If there were no external motivators, including negative reinforcement (punishment), would students still sit quietly in their seats all day long and would they still strive to get certain grades on quizzes, and would they still spend hours memorizing? It’s highly unlikely. External motivation is what drives students in traditional schools. If you take away the external motivators, then most, if not all students, would cease to perform and behave in ways the school system desires. Prior to entering school, children show high levels of intrinsic motivation. There have been many studies showing that intrinsic motivation sharply declines once children enter school and the decline continues yearly with the largest drops at 3rd grade and 8th grade.

Why is intrinsic motivation more desirable? Well, in addition to leading to creativity and innovation, people with intrinsic motivation show more confidence, self-esteem, and excitement about tasks and their lives in general.Intrinsic motivation produces deeper engagement in learning, higher levels of performance, better conceptual learning, and higher persistence at learning activities.If someone is engaging in a task mainly because of an external reward (or avoiding a negative reinforcement), when that reward is taken away, the interest in the task goes away. With intrinsic motivation, it doesn’t matter what other people think, say, or do. The motivation to do the task was never in their control in the first place.

I want my daughter to spend the majority of her time engaging in activities because she wants to engage in them, for her own reasons, her own enjoyment, her own fulfillment and her own desires to learn. I don’t want her happiness and feelings of success to be tied to receiving external rewards. If that was the case, then someone else would always control her feelings and her opinion of herself. I don’t want her to be focused on comparing herself to others or doing something for the purpose of being judged, tested, or graded by others, especially when those “others” may not know her very well; they may not be people she should be looking up to or taking direction from. If she constantly does things for the purpose of satisfying other people rather than herself, then she gives up what is meaningful and important to her and becomes an approval chaser.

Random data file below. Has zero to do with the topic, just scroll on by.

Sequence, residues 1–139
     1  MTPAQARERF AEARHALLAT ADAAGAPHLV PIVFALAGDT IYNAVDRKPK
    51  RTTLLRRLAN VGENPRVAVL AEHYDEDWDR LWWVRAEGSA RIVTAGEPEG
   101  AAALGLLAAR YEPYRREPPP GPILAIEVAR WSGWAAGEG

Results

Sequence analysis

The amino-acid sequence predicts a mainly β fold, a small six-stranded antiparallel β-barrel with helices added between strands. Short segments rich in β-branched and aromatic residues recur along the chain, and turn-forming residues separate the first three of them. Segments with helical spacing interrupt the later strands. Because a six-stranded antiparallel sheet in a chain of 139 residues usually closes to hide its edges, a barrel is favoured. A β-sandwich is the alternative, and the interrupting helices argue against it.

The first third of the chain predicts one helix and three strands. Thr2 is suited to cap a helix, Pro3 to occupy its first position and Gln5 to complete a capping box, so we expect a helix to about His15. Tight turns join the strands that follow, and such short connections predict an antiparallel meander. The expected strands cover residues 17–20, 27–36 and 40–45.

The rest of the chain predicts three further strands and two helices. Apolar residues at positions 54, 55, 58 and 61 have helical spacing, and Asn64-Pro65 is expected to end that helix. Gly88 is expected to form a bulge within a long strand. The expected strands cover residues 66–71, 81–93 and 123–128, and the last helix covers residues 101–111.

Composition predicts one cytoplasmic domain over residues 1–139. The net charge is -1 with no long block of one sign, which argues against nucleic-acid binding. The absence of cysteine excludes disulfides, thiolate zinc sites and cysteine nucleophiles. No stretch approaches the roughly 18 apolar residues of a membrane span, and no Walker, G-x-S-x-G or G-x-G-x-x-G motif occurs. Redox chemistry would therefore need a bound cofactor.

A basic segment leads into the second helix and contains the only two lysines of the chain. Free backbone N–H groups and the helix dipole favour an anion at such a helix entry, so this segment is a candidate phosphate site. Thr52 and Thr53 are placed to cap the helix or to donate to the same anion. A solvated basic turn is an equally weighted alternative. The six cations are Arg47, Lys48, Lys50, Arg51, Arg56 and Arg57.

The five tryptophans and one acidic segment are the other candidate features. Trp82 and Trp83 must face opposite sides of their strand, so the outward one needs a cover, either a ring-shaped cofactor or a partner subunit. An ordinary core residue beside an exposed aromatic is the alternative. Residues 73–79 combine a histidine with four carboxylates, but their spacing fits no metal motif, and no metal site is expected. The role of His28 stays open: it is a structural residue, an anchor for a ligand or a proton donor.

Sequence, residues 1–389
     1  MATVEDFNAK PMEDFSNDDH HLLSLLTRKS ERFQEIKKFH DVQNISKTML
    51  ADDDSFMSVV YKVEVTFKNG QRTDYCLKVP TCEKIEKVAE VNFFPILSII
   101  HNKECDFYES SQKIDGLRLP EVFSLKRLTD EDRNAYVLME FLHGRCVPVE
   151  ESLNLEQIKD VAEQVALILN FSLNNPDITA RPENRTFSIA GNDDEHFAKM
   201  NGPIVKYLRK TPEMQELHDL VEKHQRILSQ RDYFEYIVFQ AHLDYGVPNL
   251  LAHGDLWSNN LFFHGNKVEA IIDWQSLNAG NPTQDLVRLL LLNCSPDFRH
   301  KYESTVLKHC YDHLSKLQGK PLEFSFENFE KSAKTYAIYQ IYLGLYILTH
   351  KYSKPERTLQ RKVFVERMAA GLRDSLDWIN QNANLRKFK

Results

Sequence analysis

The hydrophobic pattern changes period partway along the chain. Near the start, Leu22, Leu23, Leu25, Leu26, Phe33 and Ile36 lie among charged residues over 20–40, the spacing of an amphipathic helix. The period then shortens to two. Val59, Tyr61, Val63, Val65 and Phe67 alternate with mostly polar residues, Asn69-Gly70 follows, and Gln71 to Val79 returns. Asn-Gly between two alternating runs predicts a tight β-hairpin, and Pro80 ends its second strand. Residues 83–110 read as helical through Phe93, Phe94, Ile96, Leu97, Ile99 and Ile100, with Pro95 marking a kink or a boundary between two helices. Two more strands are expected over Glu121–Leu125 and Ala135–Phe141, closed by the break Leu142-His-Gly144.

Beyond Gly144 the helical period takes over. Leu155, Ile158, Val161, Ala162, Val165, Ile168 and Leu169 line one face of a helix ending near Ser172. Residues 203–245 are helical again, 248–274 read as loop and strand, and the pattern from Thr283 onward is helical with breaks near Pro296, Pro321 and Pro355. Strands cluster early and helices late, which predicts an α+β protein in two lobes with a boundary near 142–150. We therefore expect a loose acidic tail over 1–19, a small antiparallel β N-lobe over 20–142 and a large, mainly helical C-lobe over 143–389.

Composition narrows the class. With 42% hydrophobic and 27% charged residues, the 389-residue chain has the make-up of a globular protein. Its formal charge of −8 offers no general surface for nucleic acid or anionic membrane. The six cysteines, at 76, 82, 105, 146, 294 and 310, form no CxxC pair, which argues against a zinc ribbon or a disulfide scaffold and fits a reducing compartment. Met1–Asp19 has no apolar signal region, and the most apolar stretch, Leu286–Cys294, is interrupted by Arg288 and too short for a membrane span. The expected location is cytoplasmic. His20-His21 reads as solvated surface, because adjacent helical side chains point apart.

I do not want her to spend the vast majority of her days engaged in tasks mainly for external rewards and the goals of others. If she does this, then when she becomes an adult, she’ll have no idea what she enjoys, what she’s naturally good at, what she wants to do/learn/say. It is my job to help her become an adult who can create her own happiness, independent of other’s rewards, punishments and opinions. It is my job to help her become an adult who can find the inner motivation to search for new ideas on her own without being told what’s important to know, learn, achieve.

I know my child. I know her preferred learning styles, the time of day she’s most open to learning, what types of learning activities blend best with her personality, and so on. Therefore, it’s very easy for me to pepper in learning so that it becomes a natural part of her day, and something she actively pursues on her own without prompting from me. Unschooling allows me to impart learning without any external motivators at all. However, even if I were to use the most formal homeschooling method, which relies on a curriculum with tests and grades, it would still only take a maximum of a couple hours per day. Focusing on external rewards for such a small number of hours isn’t likely to cause someone to build an entire lifestyle around pandering to external rewards.

1 comment to Homeschooling Reason #2 – Retaining Intrinsic Motivation

  • HI Julie, read this article, sent to me by your dad I believe. If the queen bee has no workers, what happens to the hive. What will pollinate all our crops, plants etc. We all have to work together from time to time. Why do you have this theory, what is its purpose?. Just curious. Respectfully, Mary Lou Barnwell.